DISCOVER
×

Importance of Numeracy Skills for Nursing Practice

Updated April 17, 2017

Numeracy involves the ability to recognise and utilise numerical data, enter data on forms and perform numerical calculations. A major part of your nursing education is learning how to use numbers clearly and accurately. Your success as a nurse depends on your ability to use numbers efficiently and effectively.

Understanding Numerical Data for Nursing

As a nurse, you will be required to understand numerical data. Entry-level nursing courses are dedicated to ensuring your ability to learn and absorb numerical data, such as numbers, percentages and fractions. These numerical skills are building blocks for a nursing career.

You may need to understand and use numerical data during a patient assessment. For instance, a cardiac patient may complain of headaches ,which may trigger you to check for high blood pressure. The data may help the doctor make a diagnosis.

Your advancement as a nurse may depend on searching medical paperwork or listening to patient conversations to offer good nursing advice. Your patients and their families depend on your education and skills to enable you to provide correct information and comforting words.

Entering Numerical Data

Nurses are required to enter accurate numerical information, such a patient's weight or a patient's blood pressure for a doctor to review. Nursing data may be entered on paper at a medical office or via a computer during a mobile nursing visit.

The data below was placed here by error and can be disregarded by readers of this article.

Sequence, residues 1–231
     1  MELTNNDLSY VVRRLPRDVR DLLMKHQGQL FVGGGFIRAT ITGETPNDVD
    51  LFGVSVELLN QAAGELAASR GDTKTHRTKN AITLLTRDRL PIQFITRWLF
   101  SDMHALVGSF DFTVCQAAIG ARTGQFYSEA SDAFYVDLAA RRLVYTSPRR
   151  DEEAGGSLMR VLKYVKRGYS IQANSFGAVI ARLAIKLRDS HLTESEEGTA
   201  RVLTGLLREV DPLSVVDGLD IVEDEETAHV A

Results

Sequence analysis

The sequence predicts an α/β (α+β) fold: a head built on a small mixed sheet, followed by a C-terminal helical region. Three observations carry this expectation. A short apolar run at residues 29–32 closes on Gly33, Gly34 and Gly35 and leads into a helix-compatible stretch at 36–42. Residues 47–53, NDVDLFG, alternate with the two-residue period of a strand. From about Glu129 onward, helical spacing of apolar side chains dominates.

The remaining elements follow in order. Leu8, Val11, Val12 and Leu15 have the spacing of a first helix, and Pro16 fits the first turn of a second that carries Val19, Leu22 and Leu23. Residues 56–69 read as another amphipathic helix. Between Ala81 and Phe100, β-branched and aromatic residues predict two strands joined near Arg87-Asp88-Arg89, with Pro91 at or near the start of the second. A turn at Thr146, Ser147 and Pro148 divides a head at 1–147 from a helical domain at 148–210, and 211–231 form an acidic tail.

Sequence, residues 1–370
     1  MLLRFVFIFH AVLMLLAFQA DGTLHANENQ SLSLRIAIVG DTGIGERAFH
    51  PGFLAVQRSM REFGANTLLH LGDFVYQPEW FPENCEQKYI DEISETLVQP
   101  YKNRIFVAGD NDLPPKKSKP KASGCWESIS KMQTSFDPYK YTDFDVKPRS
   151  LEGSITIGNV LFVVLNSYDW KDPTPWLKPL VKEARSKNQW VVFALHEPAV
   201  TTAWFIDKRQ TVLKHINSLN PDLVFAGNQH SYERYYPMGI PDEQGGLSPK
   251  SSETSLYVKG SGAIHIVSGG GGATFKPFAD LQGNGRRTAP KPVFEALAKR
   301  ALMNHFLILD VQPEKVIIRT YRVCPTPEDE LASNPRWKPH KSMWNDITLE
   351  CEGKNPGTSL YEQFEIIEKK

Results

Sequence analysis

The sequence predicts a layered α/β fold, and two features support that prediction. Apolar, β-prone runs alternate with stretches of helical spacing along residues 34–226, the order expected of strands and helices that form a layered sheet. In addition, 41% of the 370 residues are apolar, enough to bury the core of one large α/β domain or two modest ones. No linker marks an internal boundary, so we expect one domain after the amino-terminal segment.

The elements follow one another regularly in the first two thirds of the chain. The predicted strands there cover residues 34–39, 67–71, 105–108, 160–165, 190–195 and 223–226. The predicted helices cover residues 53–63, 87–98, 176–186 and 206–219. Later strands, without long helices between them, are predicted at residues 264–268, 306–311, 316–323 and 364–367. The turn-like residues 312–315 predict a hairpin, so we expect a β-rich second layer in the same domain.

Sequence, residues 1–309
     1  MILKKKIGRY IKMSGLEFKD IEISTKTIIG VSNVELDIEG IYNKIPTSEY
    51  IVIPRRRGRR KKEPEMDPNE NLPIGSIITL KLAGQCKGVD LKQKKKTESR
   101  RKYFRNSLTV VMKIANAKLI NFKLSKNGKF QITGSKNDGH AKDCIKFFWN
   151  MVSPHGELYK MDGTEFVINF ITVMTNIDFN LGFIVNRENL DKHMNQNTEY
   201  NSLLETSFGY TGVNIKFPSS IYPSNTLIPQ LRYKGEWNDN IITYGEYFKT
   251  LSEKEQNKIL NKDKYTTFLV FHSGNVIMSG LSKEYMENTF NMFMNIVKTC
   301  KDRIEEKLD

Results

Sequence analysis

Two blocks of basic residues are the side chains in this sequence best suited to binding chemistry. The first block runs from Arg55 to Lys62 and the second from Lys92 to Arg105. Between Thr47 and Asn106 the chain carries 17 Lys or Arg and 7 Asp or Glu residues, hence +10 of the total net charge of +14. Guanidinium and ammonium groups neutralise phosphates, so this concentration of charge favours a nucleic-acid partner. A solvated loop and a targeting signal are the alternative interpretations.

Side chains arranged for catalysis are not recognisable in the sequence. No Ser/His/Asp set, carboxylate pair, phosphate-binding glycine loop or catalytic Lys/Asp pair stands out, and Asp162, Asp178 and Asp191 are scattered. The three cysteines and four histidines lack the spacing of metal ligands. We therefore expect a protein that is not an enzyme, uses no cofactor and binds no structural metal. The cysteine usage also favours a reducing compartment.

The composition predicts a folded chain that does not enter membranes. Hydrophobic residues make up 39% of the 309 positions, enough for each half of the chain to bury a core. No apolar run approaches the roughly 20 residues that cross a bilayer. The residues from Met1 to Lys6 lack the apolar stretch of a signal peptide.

You may be given verbal warning when numerical information is entered incorrectly or missing information is discovered during your nursing review. One suggestion is to perform short numeracy reviews to help maintain your skill set.

Performing Numerical Calculations

A nurse needs to be able to perform numerical calculations to provide effective patient care as well as to manage a health department. Nurses at all professional levels use numerical calculations and in a variety of health settings, from entry-level nurses who work at local hospitals to nursing administrators who manage clinics.

Among the calculations nurses need to make are ratios and equations. Calculating dsages often requires numerical skills, such as when administering insulin to patients with diabetes or vitamin B12 shots to patients with vitamin deficiencies.

Cite this Article A tool to create a citation to reference this article Cite this Article

About the Author

Cherrine Banks has written about various topics include alternative health, business, cooking, diet, fitness and exercise, medical science, nutrition, and personal finance. Her background includes working in the financial services, health, insurance, Internet, and publishing industries. She has a Bachelor of Science degree in business management.